Clean water and hygiene supplies to fight COVID-19 in Kenya

During the coronavirus pandemic we have all heard the message to wash our hands and slow the spread; but what if you don’t have access to clean water? This is the reality facing women across Kenya who are on the frontlines of the COVID-19 pandemic. 


“For the past week I have had to trek for over two hours [each day] in search of water. Even then I am not sure I will get water when I get there besides having to pay for it. I have very young children who I leave under the care of a neighbor as I go search for water,” says local Kenyan woman, Irene Mkalewa who has come today to collect water for her family at an ActionAid water point.

With support from the Australian Government through the Australian NGO Cooperation Program (ANCP), and working with local partners, ActionAid Kenya (AAK) has successfully advocated for clean water for rural communities in need. As a result, rural communities have so far received 62,000 litres of water, 350 buckets with taps and 400 litres of liquid soap so they can protect themselves from the virus. 

When coronavirus began to spread through Kenya, ActionAid swiftly refocused their programs on the health crisis. The team joined Sauti Ya Wanawake (Sauti), a local women’s movement in Taita Taiveta County, to walk door-to-door, sharing health messages and COVID-19 pamphlets that promote basic handwashing and hygiene practices. This initiative has reached women like Irene Tangawizi, who is supporting her husband and three children through the pandemic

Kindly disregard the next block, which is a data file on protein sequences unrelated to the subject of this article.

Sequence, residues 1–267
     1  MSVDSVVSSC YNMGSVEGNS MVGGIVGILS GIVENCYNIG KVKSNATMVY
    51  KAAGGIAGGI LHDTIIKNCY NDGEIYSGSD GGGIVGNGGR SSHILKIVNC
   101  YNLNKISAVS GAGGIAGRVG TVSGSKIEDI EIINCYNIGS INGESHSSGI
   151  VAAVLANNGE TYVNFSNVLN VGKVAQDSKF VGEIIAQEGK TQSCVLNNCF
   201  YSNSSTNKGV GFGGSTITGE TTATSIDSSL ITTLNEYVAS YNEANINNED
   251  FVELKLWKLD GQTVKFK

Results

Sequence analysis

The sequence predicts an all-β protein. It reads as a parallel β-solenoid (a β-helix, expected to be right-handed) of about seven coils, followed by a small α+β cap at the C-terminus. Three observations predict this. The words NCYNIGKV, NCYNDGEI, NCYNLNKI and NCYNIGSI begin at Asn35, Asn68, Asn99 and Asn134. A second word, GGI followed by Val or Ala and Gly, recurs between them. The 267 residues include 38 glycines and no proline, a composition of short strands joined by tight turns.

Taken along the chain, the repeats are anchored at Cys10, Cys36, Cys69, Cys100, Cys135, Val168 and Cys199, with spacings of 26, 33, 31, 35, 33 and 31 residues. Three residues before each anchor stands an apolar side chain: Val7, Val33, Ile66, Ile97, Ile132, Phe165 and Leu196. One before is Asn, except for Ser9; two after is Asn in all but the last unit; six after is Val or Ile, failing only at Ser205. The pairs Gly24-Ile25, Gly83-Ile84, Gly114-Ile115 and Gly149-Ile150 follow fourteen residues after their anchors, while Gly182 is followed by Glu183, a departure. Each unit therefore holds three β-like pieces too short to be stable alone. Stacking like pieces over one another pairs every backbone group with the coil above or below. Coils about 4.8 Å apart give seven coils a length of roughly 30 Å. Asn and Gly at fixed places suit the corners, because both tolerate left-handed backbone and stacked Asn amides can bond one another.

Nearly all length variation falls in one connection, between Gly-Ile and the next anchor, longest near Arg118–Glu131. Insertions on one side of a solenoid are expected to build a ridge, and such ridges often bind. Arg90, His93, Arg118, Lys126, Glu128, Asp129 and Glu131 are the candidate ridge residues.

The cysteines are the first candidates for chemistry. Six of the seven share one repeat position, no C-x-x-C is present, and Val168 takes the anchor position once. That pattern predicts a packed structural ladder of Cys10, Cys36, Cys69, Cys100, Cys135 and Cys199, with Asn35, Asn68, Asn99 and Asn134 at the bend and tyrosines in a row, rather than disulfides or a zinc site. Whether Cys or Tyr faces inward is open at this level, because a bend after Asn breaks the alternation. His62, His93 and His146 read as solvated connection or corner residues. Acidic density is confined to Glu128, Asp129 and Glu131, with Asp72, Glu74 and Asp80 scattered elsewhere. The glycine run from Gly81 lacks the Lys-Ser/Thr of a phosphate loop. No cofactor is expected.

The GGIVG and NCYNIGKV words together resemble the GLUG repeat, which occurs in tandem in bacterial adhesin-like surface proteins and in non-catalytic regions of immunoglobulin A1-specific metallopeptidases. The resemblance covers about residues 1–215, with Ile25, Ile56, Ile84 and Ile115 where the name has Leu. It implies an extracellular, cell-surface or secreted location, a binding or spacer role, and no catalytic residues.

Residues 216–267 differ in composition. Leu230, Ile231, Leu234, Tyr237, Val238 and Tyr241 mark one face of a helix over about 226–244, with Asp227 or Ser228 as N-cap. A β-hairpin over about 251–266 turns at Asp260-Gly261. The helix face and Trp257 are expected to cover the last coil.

“When COVID-19 began to spread in Kenya, my opportunities became very limited and I found it difficult to put food on the table. With better access to water and support from AAK, I have been able to find work in tomato farming and have been learning some basic hygiene techniques to keep my family safe,” explains Irene.  

Prior to the pandemic, AAK was supporting communities in the Kishushe region to break the cycle of poverty, food insecurity and violence by improving access to education and clean water. 

Access to clean water is tightly interlaced with gender equality and economic rights. Many women report having to walk more than two hours to collect water, time that they could otherwise spend in the classroom or earning a living. The long journey to find clean water also  increases their risk of gender-based violence.

Violence against women is skyrocketing globally as COVID-19 lockdowns and economic struggles can increase tensions at home. While walking door-to-door, AAK and Sauti identified nine cases of gender-based violence for support. 

While climate change increases pressure on scarce water resources, the coronavirus pandemic makes it more important than ever that women can access basic healthcare and hygiene resources to keep themselves and their families safe. 

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